News brief: Facebook hearing, California oil leak, French Catholic Church abuse
STEVE INSKEEP, HOST:
How could action by Congress bring changes to Facebook?
RACHEL MARTIN, HOST:
Former employee Frances Haugen told her story before a Senate committee yesterday. As we have heard all week, she left the company with documents showing Facebook's internal concerns about their product.
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FRANCES HAUGEN: The choices being made inside of Facebook are disastrous for our children, for our public safety, for our privacy and for our democracy, and that is why we must demand Facebook make changes.
MARTIN: Now, Facebook has rejected Haugen's portrayal.
INSKEEP: NPR's Shannon Bond covers Facebook, which is among NPR's financial supporters. We cover it the same as any company. Shannon, good morning.
SHANNON BOND, BYLINE: Good morning, Steve.
INSKEEP: So what's the basic problem as Haugen sees it?
BOND: Well, she says it's that Facebook makes choices in the pursuit of growth, even when that risks harming its own users.
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HAUGEN: It is about Facebook choosing to grow at all costs, becoming an almost trillion-dollar company by buying its profits with our safety.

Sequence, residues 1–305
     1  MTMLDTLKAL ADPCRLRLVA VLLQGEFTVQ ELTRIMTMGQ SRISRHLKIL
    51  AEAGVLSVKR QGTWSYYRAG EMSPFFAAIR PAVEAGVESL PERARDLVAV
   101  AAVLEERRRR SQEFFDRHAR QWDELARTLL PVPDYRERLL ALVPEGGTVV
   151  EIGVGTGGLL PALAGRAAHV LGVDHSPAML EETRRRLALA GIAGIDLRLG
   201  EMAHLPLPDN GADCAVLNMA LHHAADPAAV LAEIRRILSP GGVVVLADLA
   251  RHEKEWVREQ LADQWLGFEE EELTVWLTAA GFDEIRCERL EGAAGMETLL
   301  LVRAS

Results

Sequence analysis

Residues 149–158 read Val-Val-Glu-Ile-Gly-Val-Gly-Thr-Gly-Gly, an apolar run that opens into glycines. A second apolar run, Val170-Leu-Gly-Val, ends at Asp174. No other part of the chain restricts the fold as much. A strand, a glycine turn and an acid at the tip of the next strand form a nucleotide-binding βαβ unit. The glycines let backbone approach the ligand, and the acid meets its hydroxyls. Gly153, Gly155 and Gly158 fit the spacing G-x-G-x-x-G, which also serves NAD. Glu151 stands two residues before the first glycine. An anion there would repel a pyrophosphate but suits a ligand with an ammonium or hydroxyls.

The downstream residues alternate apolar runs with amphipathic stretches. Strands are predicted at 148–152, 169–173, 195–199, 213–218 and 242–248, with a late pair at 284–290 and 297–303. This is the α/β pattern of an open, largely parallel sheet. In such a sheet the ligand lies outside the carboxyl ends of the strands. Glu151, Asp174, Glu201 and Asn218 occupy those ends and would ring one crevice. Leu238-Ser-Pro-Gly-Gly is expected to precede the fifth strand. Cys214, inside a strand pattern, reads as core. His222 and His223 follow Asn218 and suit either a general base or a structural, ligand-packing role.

BOND: You know, Steve, we've heard from Facebook critics before. What makes Haugen different is that she came armed with inside knowledge and this huge trove of internal research, including troubling findings about things like how Instagram exacerbates problems like depression and eating disorders for some teens. And then she used these documents to make the case it's time to regulate Facebook as a matter of public safety. She compared it to Big Tobacco, which is something the senators really leapt on.
INSKEEP: So on a day-to-day basis, what causes these bad decisions inside the company as she would see them?
BOND: Well, Haugen really focused in on Facebook's engagement-based algorithms. That's her area of expertise. You know, the way this works on Facebook and Instagram, if a post gets comments, likes, other interactions, it's spread more widely; it's featured more prominently. The idea is that will keep people interested in using the apps. But Haugen cited Facebook's own research showing that focusing on engagement also amps up the most sensational and extreme posts. So for example, people looking for healthy recipes might start seeing posts encouraging anorexia. She says this is even fueling ethnic violence around the world. And Haugen says Facebook needs to be pressured to fix this.